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New or vintage Microphones. Does it really matter?
Old 26th January 2007
  #31
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themaidsroom's Avatar
 

before gotham audio closed, i went there alot to buy cable to build my tube
mic patchbay. frequently, joe would describe the more difficult part of his work
almost like a shrink : telling someone that the vintage C12 that they had just
purchased for $7000, while "working", had almost no original parts inside.....
strange 80's replacement parts, etc.....over the couple of years there were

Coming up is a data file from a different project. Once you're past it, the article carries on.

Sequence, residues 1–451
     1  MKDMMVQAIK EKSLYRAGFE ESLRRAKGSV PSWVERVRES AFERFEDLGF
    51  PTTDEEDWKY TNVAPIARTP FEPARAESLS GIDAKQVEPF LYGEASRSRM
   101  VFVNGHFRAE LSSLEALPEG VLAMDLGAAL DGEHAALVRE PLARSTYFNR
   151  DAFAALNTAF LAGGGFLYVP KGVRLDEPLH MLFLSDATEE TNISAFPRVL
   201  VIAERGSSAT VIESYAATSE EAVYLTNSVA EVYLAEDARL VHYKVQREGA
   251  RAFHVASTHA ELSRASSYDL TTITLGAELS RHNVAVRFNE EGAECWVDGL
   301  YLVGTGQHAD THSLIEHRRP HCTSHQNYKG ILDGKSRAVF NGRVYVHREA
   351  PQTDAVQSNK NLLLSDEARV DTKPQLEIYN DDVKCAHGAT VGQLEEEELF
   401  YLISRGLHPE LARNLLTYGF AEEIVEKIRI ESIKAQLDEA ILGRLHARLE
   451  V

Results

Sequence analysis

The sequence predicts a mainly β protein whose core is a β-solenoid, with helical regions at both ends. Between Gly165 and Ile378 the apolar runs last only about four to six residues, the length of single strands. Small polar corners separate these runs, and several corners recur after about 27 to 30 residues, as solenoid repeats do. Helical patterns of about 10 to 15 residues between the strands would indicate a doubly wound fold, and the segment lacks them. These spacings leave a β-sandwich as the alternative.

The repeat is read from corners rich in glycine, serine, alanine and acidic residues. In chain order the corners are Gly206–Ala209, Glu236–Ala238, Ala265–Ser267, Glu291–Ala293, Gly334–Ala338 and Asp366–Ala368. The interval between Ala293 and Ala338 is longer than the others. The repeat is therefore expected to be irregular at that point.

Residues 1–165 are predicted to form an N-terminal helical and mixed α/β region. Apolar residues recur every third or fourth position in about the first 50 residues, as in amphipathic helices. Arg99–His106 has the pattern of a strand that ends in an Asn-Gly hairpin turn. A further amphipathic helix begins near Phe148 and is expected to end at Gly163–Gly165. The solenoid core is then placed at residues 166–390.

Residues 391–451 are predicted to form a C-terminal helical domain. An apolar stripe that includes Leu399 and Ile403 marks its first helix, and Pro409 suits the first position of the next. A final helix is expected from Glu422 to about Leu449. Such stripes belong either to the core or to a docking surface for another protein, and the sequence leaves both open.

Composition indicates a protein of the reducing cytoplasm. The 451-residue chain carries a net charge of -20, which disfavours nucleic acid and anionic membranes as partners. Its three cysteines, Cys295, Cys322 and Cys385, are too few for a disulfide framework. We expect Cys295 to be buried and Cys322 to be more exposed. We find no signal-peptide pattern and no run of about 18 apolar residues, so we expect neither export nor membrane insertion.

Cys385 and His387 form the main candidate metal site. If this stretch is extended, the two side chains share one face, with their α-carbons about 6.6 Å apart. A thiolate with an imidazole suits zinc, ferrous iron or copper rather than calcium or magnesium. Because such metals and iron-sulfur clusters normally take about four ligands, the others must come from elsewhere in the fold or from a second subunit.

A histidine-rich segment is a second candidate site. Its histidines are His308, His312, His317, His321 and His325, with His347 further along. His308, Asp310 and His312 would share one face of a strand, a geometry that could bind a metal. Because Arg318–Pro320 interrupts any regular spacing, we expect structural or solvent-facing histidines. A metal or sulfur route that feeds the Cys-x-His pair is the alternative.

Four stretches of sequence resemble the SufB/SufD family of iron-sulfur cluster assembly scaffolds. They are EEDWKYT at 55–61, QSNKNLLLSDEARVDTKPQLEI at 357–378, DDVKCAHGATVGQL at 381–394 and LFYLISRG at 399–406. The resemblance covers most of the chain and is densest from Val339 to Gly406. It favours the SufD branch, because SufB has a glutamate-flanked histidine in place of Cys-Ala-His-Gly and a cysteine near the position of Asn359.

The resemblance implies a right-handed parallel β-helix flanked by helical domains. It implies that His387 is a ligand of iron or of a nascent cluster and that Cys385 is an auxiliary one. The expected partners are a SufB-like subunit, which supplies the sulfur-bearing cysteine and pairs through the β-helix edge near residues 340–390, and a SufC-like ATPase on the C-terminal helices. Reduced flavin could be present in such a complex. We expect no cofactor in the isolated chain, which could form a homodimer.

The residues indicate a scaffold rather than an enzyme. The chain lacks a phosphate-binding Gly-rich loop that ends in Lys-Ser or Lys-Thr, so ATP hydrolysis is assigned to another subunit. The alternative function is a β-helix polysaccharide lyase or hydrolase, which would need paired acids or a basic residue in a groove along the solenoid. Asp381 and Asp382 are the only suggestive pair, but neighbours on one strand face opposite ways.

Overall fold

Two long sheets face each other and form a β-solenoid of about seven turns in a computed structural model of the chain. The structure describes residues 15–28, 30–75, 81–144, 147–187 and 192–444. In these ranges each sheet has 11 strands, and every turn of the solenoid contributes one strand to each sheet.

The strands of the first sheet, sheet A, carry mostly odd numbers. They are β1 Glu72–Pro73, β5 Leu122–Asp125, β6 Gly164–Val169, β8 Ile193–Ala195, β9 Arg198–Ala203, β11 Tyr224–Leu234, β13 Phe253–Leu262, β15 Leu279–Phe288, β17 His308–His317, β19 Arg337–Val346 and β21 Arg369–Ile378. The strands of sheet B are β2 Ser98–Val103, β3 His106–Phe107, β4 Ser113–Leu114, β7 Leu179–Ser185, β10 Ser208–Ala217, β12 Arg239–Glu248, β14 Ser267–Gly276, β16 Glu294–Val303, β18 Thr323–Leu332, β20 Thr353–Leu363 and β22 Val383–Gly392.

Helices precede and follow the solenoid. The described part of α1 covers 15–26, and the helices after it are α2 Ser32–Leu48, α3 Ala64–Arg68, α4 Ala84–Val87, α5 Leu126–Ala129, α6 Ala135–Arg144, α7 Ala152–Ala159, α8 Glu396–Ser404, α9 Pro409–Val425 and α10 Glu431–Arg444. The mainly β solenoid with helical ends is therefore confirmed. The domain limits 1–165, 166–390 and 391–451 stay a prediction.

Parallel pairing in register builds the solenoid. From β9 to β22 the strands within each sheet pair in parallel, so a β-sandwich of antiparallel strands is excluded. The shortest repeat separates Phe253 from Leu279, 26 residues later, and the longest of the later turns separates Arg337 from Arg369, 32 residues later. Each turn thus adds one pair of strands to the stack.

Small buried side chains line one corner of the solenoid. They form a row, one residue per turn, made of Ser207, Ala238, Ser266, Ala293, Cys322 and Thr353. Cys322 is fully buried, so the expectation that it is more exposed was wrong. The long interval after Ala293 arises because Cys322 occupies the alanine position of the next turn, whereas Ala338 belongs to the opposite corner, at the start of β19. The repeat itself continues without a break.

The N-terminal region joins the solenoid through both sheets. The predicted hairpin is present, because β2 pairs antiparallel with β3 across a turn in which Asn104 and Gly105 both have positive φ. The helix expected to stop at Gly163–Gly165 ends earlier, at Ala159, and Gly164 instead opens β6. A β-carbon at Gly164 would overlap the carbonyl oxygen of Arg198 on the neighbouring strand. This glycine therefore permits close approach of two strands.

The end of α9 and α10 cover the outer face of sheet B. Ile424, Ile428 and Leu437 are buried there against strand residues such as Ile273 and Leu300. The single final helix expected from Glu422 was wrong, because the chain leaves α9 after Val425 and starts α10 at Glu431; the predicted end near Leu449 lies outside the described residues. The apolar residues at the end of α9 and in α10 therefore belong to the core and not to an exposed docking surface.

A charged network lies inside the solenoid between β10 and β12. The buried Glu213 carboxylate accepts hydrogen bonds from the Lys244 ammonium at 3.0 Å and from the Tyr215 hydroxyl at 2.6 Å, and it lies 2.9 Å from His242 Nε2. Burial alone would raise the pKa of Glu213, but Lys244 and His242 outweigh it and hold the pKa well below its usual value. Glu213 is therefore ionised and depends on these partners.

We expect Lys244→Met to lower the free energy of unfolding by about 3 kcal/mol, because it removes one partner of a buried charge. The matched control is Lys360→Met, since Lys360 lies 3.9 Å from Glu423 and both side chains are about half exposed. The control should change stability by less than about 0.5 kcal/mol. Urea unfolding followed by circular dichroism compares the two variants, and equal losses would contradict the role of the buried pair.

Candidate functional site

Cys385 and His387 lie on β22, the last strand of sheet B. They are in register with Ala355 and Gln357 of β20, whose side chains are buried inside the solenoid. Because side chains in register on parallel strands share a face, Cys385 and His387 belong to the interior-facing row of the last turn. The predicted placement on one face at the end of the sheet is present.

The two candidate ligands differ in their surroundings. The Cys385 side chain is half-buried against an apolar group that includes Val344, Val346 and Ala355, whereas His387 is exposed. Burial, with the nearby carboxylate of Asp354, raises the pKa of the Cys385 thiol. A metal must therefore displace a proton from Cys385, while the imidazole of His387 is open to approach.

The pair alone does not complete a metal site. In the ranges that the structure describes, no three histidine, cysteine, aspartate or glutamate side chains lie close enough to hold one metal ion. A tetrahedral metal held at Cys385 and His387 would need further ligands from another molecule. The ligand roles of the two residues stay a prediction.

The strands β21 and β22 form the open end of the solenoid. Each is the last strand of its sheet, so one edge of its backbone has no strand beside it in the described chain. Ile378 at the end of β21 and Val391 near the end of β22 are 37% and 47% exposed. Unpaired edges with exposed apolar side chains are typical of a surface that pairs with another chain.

several vintage "real" 47's and 67's of this variety.....very heartbreaking for
people who had just paid real money for these mics and about to enter
the times when $3000 day rates were fading.........

i am a big fan of david bock and soundelux mics - the e47 sounds great
i hope that an e-67 is on its way, perhaps his new company structure will
bring that about...

i also hope that the e-54 and e-56 can be made to happen

a friend of mine purchased an sm-69 and loves it - i can not think of an
alternative - if it is a great price - if not, i would buy two new mics

63' ghia makes sense

i was in a studio in la a couple of weeks ago with several vintage m-49's - they
sounded pretty amazing, crapped out and were replaced with 87's

the e-49's would have worked great through the whole session

the 63' ghia (with a modern sound system) would have been a great place to hear
mixes, especially in la

be well


- jack
Old 26th January 2007
  #32